Mentoring in a Nurse Anesthesia Program: Cultivating Wellness and Developing Leaders

2.50
Hdl Handle:
http://hdl.handle.net/10755/620395
Title:
Mentoring in a Nurse Anesthesia Program: Cultivating Wellness and Developing Leaders
Other Titles:
Successful Strategies in Mentoring Nurse Leaders
Author(s):
Chan, Gloria; Pallaria, Thomas J.; McLaughlin, Michael
Lead Author STTI Affiliation:
Upsilon
Author Details:
Gloria Chan, RN, CCRN, PCCN, chan.gloria@nyu.edu; Thomas J. Pallaria, APN,CRNA; Michael McLaughlin, APN, CRNA
Abstract:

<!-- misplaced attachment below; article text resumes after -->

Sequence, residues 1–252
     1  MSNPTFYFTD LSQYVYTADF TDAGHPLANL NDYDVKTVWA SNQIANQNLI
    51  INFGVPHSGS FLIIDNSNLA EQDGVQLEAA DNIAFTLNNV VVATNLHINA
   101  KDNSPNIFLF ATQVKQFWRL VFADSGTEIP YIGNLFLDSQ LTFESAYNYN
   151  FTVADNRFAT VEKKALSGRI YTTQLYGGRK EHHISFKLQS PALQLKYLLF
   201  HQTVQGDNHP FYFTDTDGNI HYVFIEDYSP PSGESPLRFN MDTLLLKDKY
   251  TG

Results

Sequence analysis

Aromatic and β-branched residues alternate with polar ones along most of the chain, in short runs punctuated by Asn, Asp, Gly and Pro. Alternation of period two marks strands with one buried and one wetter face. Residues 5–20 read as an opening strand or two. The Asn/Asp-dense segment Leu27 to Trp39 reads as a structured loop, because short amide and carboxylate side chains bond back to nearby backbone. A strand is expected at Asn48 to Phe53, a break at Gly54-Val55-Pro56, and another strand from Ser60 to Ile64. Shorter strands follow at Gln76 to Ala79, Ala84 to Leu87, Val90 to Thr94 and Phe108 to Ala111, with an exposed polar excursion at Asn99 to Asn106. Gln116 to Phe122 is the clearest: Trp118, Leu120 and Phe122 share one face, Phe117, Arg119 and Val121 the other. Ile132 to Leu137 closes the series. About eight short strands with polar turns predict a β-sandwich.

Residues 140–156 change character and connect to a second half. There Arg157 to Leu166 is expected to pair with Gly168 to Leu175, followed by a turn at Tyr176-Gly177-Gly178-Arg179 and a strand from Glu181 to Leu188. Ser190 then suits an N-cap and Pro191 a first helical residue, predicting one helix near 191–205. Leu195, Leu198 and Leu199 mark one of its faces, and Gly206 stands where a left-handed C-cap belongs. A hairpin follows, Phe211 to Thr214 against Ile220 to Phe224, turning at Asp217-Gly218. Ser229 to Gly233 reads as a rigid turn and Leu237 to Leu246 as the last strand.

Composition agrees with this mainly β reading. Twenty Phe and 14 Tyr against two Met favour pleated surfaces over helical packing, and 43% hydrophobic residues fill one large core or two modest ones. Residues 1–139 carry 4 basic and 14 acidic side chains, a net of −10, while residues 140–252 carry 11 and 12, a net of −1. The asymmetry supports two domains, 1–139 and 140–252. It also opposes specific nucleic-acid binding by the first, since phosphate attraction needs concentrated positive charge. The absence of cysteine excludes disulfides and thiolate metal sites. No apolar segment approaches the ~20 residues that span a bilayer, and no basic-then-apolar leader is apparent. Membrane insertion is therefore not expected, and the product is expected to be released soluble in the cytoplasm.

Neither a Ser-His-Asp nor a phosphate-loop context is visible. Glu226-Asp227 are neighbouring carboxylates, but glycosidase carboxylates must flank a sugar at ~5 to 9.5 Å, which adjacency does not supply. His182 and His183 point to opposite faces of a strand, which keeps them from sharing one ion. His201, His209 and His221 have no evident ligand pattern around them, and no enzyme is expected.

Session presented on Tuesday, September 20, 2016: Nurse anesthetists are considered one of the most difficult and demanding specialties for Advance Practice Registered Nurses (APRNs), therefore, nurse anesthesia education and program design is typically rigorous, time consuming and stressful. The nurse anesthesia program at Rutgers, The State University of New Jersey, requires students to complete 85 credits for their post baccalaureate Nurse Anesthesia/Doctor of Nursing Practice degree, including didactic and clinical courses, with a minimum of 2,500 clinical hours to be completed in order to graduate. This translates to 1-2 days of didactic classes and 3-4 days of 10-12 hours of clinical practicum, with an average of 4-6 hours of studying per day in preparation for class and clinical training. This stressful and grueling schedule provides little time for social interaction, wellness preparation, professional organization involvement and leadership development. Literature states that student registered nurse anesthetists (SRNAs) experience stress due to the stressors of school and the emotional experience of being no longer the expert in the clinical setting; rather they are the novice in a new situation. Studies have shown that stressors SRNAs face are often handled through interaction and support from others. The development and implementation of a student-driven formal mentorship program is an attempt to increase social interaction between different levels (cohorts) of student registered nurse anesthetists (SRNAs) within the program, help alleviate stress by providing necessary emotional and mental support for wellness among SRNAs, and to instill the philosophy of mentoring early in the student’s career which may promote subsequent professional organizational involvement and peer-driven leadership development. The student-driven formal mentorship program receives unconditional support by both program director and assistant program director. Since the implementation of the mentorship program, there has been increased social interaction between the two cohorts (mentors and mentees) and individuals who have shown professional leadership skills are receiving additional and specialized mentorship to continue to develop and maintain the mentorship program for future incoming cohorts.  References: Chipas A, McKenna D. Stress and burnout in anesthesia. AANA Journal. 2011; 79(2):122-128. Vinales, J. (2015). The mentor as a role model and the importance of belongingness. British Journal of Nursing, 24(10), 532-35.